1. The doctors need to see if the cancer has spread out of my neck area. They give me a small dose of radioactive iodine tomorrow.
2. They give this a couple of days to circulate in my body.
3. I take laxatives on Wednesday and Thursday to clean out my colon. The colon can absorb some of the iodine, so we want to clean it out to get a clean scan.
4. On Friday, I arrive at 7:30 AM. This is a full body scan--it takes an hour.
5. The thyroid cells in my body will have absorbed the radioactive iodine. The radioactivity is then picked up by the scan.
6. They calculate the dose of radioactive iodine for treatment, versus the scan. The scan is 4 millicuries of iodine. The treatment could be from 30 to 200. If it is a high dose--180+, I will probably stay in the hospital for 2 days. Otherwise, I go home and try to stay away from people for a few days.
7. Getting the radioactive iodine is not by opening a cabinet and pulling out a bottle. It is housed offsite for a lot of hospitals. So, it will be a 3-4 hour wait for the radioactive iodine to be brought in. In two minutes, it is down my throat and out the door. This big dose is designed to be absorbed again by the thyroid cells, still seeking out iodine. But, the radiation is much higher. It is supposed to kill the cells.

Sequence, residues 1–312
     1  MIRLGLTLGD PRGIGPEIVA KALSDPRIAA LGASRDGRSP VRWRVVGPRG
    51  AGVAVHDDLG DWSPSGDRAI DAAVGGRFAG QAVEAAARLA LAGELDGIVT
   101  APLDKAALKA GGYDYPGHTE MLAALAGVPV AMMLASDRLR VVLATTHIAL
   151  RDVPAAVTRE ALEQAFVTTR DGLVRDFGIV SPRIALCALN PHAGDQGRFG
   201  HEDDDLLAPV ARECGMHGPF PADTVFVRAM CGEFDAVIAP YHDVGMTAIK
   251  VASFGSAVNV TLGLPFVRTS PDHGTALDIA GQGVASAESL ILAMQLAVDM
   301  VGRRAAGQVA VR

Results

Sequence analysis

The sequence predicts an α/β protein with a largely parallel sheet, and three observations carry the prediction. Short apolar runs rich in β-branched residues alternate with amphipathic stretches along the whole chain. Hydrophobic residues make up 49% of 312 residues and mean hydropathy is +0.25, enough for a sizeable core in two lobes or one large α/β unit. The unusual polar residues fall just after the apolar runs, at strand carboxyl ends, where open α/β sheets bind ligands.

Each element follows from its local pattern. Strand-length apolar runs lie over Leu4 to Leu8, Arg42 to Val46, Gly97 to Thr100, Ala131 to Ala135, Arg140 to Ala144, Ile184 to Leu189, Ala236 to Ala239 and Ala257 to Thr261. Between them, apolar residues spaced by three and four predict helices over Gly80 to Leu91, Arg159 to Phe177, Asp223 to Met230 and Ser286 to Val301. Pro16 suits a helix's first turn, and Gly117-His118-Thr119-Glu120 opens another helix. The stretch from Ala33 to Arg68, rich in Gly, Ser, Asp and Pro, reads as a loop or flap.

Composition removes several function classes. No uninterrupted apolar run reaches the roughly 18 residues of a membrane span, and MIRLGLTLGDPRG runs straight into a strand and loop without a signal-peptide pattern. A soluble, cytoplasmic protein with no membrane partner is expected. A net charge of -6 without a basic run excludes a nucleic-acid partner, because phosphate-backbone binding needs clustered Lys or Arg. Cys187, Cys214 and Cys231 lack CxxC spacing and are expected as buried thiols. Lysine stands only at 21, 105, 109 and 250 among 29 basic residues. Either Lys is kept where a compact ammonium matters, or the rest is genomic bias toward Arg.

- Hurthle cells don't absorb iodine too well.
- I could have a "clean" scan--no observed cancer cells, and they could still be there.
- Because Hurthle cells don't absorb iodine too well, they may not die.
I return in two weeks for another scan to see if there is remaining cancer.
At this point, I am not sure if I take another dose of radioactive iodine for the second scan, or if there is enough residual iodine from the first scan to "light me up".
I am also not sure if I am on the low iodine diet for two more weeks (I doubt it).
And, I am not sure if I stay off my thyroid medicine for the two weeks (I doubt it.)
So I question if the second scan is accurate.